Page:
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Entered according to Act of Congress in the year 1867,

In the Clerk's office of the District Court of the United States,

for the District of Maryland.

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I was invited in the spring of 1851 to deliver the Annual Address before the Maryland Historical Society, and took the story of Logan the Indian and Cresap the Pioneer, as a subject worthy of elucidation. I adopted this subject, not only because the history of Logan's speech, which has given celebrity to both these persons, was likely to secure the attention of an audience, but because, while it afforded an opportunity to vindicate the reputation of a patriotic Marylander, it enabled me also to expose the danger of considering as always unquestionable what are called the facts of history, and to inculcate the caution with which we should receive or record the condemnation of individuals. The fact that this essay was originally intended for delivery and not for the closet, will account for the oratorical style of parts of the present publication.

For ninety years “ Logan's speech" has been repeated by every schoolboy and admired by every cultivated person as a gem of masculine eloquence. Unluckily, it did not rehearse the Indian's wrongs and revenge alone. It gave point to its artless rhetoric by charging those wrongs, and imputing the frightful results of that revenge, to Michael Cresap; and, in proportion as both were dreadful in character


and poignant in statement, the hatred of mankind for the alleged perpetrator became intense and lasting. The speech, it is well known, was first published in the newspapers of America in 1774, after Lord Dunmore's treaty at Camp Charlotte; but its remarkable popularity was secured by the importance given to it by Mr. Jefferson, as illustrating Indian character and genius, by its publication, with comments, in his Notes on Virginia. Accordingly, every American, and multitudes of educated Europeans, learned to pity Logan and to hate the name of Cresap; yet Cresap certainly never deserved their opprobrium, and it is quite possible their sympathetic compassion for Logan might have been considerably mitigated.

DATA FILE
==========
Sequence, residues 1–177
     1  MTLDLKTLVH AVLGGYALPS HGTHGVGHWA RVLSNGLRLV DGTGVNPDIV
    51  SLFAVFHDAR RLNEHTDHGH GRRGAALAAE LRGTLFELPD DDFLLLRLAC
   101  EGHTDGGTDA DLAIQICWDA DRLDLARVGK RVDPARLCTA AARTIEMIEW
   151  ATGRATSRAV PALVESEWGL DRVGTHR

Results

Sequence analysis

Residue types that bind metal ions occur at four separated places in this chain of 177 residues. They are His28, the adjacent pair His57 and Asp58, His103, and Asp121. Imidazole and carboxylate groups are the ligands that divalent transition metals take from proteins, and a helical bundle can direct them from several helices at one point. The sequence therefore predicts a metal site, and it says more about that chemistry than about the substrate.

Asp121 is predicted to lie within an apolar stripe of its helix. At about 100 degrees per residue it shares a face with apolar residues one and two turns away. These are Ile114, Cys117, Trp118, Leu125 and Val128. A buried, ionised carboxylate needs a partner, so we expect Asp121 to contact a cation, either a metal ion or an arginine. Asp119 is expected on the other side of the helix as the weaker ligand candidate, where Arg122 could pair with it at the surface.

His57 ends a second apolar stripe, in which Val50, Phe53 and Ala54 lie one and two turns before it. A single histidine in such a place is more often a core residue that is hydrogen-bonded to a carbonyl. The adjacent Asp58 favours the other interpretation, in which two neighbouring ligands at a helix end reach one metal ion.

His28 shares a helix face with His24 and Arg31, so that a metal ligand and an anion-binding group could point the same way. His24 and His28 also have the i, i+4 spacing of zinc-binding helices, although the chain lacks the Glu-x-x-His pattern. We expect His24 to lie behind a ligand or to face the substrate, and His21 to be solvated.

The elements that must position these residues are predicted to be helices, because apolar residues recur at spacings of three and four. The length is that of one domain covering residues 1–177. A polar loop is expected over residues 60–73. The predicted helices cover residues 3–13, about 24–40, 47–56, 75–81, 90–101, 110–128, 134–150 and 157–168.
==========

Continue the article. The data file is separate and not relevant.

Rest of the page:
When I began my narrative I possessed sufficient proof to exculpate the Maryland Pioneer completely; but the subject grew as I studied it; one authority pointed to another, and one topic led me insensibly to kindred studies. Printed works were soon exhausted, and manuscripts became necessary and were obtained. I found it impossible to tell the whole story with proper precision and breadth, without the introduction of illustrative characters and events, so that what was at first intended for a brief discourse, expanded into a paper on the Pioneer life and Indian history of the period.

The discourse, produced with all the care I could bestow on it in the two months allowed for its preparation, was read to the society on the 15th of May, 1851, and was printed in a small edition for private circulation among our members and their friends. From the nature of the facts newly disclosed, its publication in this manner excited more atten

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